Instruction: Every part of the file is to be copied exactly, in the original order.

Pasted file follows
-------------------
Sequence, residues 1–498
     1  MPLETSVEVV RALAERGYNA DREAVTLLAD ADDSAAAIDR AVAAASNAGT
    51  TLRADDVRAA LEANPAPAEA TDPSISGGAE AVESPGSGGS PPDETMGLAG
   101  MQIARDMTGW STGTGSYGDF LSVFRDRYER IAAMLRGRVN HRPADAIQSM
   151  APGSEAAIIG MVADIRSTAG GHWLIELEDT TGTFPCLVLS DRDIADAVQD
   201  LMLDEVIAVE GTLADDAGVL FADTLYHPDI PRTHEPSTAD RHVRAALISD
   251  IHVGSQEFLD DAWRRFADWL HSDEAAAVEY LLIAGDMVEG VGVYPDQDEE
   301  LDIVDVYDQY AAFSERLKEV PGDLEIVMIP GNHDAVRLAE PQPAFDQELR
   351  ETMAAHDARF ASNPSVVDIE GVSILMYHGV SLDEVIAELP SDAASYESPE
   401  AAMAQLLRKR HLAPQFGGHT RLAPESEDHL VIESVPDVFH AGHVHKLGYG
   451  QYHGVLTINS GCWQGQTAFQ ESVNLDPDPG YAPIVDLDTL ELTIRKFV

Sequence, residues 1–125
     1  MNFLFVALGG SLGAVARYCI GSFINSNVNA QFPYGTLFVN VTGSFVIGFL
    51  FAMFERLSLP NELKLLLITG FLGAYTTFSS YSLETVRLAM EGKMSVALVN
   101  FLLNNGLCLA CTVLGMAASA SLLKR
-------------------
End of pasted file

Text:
Sequence, residues 1–498
     1  MPLETSVEVV RALAERGYNA DREAVTLLAD ADDSAAAIDR AVAAASNAGT
    51  TLRADDVRAA LEANPAPAEA TDPSISGGAE AVESPGSGGS PPDETMGLAG
   101  MQIARDMTGW STGTGSYGDF LSVFRDRYER IAAMLRGRVN HRPADAIQSM
   151  APGSEAAIIG MVADIRSTAG GHWLIELEDT TGTFPCLVLS DRDIADAVQD
   201  LMLDEVIAVE GTLADDAGVL FADTLYHPDI PRTHEPSTAD RHVRAALISD
   251  IHVGSQEFLD DAWRRFADWL HSDEAAAVEY LLIAGDMVEG VGVYPDQDEE
   301  LDIVDVYDQY AAFSERLKEV PGDLEIVMIP GNHDAVRLAE PQPAFDQELR
   351  ETMAAHDARF ASNPSVVDIE GVSILMYHGV SLDEVIAELP SDAASYESPE
   401  AAMAQLLRKR HLAPQFGGHT RLAPESEDHL VIESVPDVFH AGHVHKLGYG
   451  QYHGVLTINS GCWQGQTAFQ ESVNLDPDPG YAPIVDLDTL ELTIRKFV

Sequence, residues 1–125
     1  MNFLFVALGG SLGAVARYCI GSFINSNVNA QFPYGTLFVN VTGSFVIGFL
    51  FAMFERLSLP NELKLLLITG FLGAYTTFSS YSLETVRLAM EGKMSVALVN
   101  FLLNNGLCLA CTVLGMAASA SLLKR